The News At Kate: Leftie Cock Womble

Kate Smurthwaite

This review was first published in Exeunt magazine. You can read it here.

After appearing on Question Time at the start of the year – talking about the 50p tax rate, among other things – comedian and activist Kate Smurthwaite was trending on Twitter. It says much about Smurthwaite – and her style of comedy – that the title of her latest show is drawn from one particular hashtag: #leftiecockwomble. Smurthwaite isn’t sure what a Cock Womble is (Is it one word, or two? Does it have anything to do with those furry fictional characters of children’s literature?), but it’s clearly not a phrase born of praise or admiration.

Smurthwaite says her main focus will be language, free speech and the importance of words, and the picking apart and appropriation of this derogatory hashtag is a good introduction to the show, which is entertaining, intelligent and powerful.

Smurthwaite’s brand of political comedy is always going to arouse strong, personal responses, especially when Smurthwaite describes herself as ‘a radical, cunt-wielding, patriarchy smasher’. This isn’t a show composed of a series of anecdotes that will have you in stitches for an hour, rather a show born out of anger and frustration at the ineffectiveness of our government, the intolerance of the religious right and everyday injustices, particularly those suffered by women. And that’s just in the UK.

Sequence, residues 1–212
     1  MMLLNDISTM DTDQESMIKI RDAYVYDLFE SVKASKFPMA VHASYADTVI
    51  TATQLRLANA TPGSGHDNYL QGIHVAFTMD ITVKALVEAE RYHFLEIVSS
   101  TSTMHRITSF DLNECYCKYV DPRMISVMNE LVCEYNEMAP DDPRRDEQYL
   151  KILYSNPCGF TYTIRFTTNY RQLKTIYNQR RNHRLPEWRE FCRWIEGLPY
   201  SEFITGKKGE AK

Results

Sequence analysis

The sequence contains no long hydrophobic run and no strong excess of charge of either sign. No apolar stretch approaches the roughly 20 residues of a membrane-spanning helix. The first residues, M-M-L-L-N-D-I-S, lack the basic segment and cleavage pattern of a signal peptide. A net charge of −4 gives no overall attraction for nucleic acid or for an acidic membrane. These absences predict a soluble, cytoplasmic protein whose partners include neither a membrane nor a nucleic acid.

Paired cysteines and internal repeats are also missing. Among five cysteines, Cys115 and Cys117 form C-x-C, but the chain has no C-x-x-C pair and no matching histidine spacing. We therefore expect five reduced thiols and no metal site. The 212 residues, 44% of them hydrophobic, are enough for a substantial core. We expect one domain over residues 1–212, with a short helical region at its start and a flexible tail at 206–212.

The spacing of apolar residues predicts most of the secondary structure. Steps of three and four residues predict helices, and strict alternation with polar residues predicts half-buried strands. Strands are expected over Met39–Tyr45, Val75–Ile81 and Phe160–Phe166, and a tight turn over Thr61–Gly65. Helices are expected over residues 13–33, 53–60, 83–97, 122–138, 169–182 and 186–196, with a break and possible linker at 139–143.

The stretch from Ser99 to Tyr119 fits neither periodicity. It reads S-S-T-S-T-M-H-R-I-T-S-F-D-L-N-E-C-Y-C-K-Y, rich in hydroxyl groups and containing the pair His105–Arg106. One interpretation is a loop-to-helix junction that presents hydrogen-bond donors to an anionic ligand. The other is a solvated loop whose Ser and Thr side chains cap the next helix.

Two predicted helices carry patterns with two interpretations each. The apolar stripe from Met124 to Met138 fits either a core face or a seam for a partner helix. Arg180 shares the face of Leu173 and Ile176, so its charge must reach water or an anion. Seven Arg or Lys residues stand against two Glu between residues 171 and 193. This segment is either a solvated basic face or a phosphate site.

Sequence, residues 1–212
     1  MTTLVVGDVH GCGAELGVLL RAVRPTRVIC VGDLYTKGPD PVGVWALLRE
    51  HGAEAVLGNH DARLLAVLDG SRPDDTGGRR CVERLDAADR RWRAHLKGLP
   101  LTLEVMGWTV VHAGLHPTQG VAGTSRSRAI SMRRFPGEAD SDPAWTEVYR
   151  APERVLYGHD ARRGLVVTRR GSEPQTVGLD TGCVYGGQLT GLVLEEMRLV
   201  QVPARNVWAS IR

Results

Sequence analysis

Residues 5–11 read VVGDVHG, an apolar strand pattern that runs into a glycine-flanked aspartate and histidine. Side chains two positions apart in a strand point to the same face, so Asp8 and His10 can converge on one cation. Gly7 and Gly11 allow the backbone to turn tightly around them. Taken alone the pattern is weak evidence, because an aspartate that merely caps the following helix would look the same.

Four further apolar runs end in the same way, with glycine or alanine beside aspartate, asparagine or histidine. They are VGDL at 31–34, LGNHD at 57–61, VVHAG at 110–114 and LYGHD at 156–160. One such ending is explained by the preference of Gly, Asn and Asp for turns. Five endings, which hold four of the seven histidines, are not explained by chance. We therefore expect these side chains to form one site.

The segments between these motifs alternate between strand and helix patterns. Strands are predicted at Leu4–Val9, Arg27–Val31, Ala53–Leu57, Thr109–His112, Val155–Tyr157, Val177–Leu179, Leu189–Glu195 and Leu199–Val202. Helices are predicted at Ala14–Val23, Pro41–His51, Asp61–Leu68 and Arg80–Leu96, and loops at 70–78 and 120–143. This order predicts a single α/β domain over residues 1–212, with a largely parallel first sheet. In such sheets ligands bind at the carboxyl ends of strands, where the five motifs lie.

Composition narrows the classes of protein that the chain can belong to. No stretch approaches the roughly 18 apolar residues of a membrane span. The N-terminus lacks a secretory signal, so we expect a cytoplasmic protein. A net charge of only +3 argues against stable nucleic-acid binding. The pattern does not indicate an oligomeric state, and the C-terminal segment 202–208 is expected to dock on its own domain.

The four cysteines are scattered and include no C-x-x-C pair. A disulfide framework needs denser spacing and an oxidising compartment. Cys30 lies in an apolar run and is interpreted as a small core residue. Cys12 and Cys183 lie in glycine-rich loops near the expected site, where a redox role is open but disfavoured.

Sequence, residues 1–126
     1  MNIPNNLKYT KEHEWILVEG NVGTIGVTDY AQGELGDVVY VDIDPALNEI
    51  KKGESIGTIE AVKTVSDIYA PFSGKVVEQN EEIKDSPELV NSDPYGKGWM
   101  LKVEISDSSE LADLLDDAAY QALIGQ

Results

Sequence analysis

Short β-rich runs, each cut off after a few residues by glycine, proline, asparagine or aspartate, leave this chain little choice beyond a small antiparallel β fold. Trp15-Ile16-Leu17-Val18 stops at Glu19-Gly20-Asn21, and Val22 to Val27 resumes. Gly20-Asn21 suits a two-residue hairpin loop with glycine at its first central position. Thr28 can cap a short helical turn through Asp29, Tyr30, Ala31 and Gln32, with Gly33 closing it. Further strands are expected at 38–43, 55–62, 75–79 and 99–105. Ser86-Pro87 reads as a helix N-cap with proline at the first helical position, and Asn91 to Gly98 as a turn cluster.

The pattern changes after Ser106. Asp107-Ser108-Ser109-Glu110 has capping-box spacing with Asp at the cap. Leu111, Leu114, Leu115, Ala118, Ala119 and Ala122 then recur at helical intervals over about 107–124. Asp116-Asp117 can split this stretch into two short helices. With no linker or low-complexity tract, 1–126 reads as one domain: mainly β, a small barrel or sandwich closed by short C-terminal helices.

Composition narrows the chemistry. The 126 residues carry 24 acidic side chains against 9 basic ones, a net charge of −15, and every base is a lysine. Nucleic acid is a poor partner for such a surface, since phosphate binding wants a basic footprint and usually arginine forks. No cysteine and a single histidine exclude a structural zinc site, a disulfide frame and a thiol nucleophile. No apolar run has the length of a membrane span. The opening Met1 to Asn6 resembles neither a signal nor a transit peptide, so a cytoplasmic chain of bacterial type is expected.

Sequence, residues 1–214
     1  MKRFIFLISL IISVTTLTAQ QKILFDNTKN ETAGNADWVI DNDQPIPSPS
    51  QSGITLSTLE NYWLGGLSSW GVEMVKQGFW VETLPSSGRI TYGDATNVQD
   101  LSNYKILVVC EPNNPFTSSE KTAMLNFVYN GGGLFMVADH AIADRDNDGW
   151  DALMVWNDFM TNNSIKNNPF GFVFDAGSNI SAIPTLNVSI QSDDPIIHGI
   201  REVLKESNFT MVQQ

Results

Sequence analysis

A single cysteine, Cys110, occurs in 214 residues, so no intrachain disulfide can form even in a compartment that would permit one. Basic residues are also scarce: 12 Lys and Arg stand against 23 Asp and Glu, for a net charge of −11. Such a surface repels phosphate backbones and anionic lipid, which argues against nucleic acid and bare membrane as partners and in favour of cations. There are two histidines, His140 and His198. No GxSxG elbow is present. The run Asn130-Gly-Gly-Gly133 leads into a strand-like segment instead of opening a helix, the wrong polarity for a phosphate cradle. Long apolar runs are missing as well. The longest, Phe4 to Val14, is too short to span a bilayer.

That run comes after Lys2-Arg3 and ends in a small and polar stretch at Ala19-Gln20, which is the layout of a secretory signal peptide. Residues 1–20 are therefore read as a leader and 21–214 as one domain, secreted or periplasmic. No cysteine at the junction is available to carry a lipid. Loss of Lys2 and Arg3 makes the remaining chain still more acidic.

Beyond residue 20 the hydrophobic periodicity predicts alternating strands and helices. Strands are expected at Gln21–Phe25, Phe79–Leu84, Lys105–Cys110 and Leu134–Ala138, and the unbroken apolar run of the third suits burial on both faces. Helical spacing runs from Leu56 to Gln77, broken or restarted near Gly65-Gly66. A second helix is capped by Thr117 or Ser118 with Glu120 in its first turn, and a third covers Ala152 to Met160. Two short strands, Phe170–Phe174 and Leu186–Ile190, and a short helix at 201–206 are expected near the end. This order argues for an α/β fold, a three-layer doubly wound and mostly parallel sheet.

This isn’t to say that Smurthwaite’s show is not funny. There are some particularly good jokes – sexual innuendo being forever reliable – arising from photographs of former editors of lads mags, and Smurthwaite has a good line in an obituary (RIP Nuts). Her analysis – and systematic picking apart – of the Daily Mail (and one journalist in particular) is also both incredibly funny and serious, a balance she successfully maintains throughout the show.

Abortion, the politics of body hair and body image, and the purpose of the royal family are other contentious topics Smurthwaite isn’t afraid to discuss, and to get us to think about while laughing. Comedy can be a powerful linguistic tool; shared laughter brings us together and fosters a sense of community; seeing the funny side in something serious can encourage us to think about it in a different way.

Yet even a comedian as outspoken as Smurthwaite has self-censored in the past, refraining from telling jokes about certain topics (notably those relating to women’s bodies) for fear of criticism or reprisals. As Smurthwaite notes, not without a heavy dose of irony, the development of free speech hasn’t proceeded on an equal basis for men and women, nor without a significant backlash and the frequent misrepresentation of facts in the media.

Smurthwaite wants us to have a conversation, not just throw words around in the name of ‘free speech’ without really thinking about what they mean or the impact they might have. Smurthwaite ensures there is much to laugh about, from longer stories to witty one-liners; it’s a great hour of entertainment. But, as a musing on the current state of free speech in our society, the hierarchy of language, its intricacies and efficacy, this is a very clever show.

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Categories: Comedy

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